Highsmith is confronted by young hopeful Edward played by Eamon Farren. Farren is now considered one of Sydney’s leading men, and with good reason. His transformations are textbook; showing versatility and dexterity in mapping the final reveal. Everything from demeanour and stance to the detail of speed of movement is carefully considered. Ultimately, Farren has a difficult task: he is expected to shift substantially over the course of the play, and he does so marvellously.

Together and separately, both actors have a dynamic presence on stage. It is a credit to director Sarah Goodes for weaving the two styles to create flawless chemistry.

Last year Murray-Smith brought us Fury. Switzerland is a complete departure in structure and theme. However, the same keenly observed characters and dazzling writing is still present. Her partnership with the Sydney Theatre Company has no doubt been a fruitful one to date, and one that will hopefully continue into the future.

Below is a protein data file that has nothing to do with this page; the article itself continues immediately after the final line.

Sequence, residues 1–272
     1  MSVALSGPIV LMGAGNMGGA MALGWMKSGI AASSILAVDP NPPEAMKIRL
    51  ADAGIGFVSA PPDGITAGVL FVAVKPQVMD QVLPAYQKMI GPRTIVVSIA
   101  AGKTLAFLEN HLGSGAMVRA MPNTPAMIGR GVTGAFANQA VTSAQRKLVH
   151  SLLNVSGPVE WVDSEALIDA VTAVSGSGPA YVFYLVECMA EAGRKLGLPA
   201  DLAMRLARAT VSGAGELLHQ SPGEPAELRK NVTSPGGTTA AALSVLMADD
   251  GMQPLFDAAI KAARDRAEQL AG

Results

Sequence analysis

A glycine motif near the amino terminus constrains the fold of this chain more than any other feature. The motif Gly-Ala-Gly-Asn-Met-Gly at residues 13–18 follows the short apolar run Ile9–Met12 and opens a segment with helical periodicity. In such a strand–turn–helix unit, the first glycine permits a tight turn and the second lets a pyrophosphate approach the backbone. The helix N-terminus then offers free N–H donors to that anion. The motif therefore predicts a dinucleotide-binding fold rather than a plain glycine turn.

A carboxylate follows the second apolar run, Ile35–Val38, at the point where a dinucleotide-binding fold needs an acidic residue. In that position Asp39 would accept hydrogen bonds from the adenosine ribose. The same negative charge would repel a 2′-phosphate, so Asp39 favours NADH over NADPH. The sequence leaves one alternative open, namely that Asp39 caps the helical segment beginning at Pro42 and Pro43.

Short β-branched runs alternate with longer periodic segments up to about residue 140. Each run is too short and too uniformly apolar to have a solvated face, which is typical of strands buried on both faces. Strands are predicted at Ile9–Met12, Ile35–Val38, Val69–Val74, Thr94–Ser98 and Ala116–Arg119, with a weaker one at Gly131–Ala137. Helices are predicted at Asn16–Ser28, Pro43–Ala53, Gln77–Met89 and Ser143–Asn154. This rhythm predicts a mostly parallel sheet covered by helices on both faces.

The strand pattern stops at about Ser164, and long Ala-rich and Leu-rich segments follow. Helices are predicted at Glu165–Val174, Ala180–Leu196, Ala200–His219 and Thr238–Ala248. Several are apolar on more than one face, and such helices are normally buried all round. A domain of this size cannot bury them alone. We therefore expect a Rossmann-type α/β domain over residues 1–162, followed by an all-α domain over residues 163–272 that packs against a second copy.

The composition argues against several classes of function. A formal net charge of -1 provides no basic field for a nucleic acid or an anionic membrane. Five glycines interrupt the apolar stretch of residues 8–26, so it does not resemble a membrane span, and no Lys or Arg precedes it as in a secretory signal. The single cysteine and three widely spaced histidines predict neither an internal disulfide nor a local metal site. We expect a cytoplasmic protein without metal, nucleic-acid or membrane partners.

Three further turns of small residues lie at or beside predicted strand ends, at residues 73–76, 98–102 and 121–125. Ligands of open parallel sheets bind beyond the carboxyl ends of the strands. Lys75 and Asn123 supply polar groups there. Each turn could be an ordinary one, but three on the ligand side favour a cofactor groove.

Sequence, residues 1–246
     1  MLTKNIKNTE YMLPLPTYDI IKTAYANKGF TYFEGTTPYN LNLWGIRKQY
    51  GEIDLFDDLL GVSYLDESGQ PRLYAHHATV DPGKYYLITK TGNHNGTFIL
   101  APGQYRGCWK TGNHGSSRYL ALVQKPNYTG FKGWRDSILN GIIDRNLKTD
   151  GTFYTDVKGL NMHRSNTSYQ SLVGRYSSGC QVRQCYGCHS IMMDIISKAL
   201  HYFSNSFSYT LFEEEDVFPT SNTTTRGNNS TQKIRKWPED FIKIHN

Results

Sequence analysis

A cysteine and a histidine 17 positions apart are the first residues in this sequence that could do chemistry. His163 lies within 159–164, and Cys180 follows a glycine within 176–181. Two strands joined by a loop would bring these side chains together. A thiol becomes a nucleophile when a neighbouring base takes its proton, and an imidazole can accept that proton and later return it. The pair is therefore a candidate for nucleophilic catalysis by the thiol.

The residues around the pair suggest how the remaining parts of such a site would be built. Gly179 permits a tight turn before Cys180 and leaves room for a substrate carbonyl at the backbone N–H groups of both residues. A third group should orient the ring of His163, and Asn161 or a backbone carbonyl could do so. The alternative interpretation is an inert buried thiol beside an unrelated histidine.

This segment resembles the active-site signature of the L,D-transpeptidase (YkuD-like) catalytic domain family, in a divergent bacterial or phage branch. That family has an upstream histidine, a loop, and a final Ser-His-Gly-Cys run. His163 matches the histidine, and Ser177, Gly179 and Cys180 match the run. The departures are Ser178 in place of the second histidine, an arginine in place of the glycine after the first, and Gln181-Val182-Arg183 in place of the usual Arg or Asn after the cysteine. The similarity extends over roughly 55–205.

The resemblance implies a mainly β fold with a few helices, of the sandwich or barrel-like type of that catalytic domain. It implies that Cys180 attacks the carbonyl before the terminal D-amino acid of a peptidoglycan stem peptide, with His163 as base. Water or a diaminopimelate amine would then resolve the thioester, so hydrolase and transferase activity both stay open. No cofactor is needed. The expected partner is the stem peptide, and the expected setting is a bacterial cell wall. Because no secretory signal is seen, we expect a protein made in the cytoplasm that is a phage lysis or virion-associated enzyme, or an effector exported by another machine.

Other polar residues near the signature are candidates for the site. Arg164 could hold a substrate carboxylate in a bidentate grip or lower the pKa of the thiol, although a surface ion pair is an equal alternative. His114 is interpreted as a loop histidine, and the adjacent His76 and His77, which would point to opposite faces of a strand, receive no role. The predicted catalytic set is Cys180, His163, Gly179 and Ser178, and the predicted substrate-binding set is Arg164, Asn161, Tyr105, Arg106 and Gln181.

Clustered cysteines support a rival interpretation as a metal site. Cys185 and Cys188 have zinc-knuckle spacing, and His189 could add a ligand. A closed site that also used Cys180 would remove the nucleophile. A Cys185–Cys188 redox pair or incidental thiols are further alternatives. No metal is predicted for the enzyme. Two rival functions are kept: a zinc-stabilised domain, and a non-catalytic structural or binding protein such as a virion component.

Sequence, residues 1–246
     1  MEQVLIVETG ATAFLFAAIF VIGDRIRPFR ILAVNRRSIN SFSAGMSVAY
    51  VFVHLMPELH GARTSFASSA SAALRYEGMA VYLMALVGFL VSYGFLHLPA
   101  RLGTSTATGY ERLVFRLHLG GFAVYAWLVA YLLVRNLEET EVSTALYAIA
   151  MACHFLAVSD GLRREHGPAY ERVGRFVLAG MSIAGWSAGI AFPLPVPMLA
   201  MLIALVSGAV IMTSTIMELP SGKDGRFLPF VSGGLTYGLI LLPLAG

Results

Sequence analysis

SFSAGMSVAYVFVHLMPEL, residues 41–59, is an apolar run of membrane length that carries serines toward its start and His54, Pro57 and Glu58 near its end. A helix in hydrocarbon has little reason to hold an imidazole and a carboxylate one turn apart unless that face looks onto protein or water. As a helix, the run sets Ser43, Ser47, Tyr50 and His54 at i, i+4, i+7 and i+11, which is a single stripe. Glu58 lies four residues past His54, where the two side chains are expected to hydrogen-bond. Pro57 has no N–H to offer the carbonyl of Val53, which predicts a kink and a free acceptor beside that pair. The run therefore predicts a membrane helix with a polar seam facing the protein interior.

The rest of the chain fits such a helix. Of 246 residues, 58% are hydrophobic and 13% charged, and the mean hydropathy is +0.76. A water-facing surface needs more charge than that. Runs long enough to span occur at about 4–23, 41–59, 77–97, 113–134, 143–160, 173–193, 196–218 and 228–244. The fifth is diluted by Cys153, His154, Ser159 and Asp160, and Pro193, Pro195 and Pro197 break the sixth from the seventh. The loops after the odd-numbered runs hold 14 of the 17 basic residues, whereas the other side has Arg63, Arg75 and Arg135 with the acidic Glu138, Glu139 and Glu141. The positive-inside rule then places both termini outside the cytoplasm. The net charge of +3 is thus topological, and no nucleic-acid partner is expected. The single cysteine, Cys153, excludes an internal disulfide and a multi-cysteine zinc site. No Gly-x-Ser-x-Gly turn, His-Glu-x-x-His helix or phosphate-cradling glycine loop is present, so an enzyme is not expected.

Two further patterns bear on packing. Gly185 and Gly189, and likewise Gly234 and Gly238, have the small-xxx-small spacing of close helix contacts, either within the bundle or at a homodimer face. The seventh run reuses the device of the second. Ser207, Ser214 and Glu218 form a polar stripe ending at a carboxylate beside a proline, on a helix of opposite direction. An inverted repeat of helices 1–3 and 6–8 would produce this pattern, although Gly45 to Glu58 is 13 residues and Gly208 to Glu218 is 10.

If you want to learn about Patricia Highsmith and her infamous creation Ripely, Switzerland is playing with the Sydney Theatre Company until the 20th of December. For more information see:

Weaving Magic: Review of STC’s Macbeth


Shakespeare’s Macbeth has held a long fascination since it was first written in the early 17th century. Witches, murder, madness, manipulation, and at its heart a deeply political message, which, much like Julius Caesar, will never lose its relevance. With all Shakespeare’s work, though, there are profound ruminations going on beneath the story: is Macbeth the victim of fate or the architect of his own downfall? Questions of freewill and determinism are raised, and like any artists worth his salt Shakespeare provides no answers.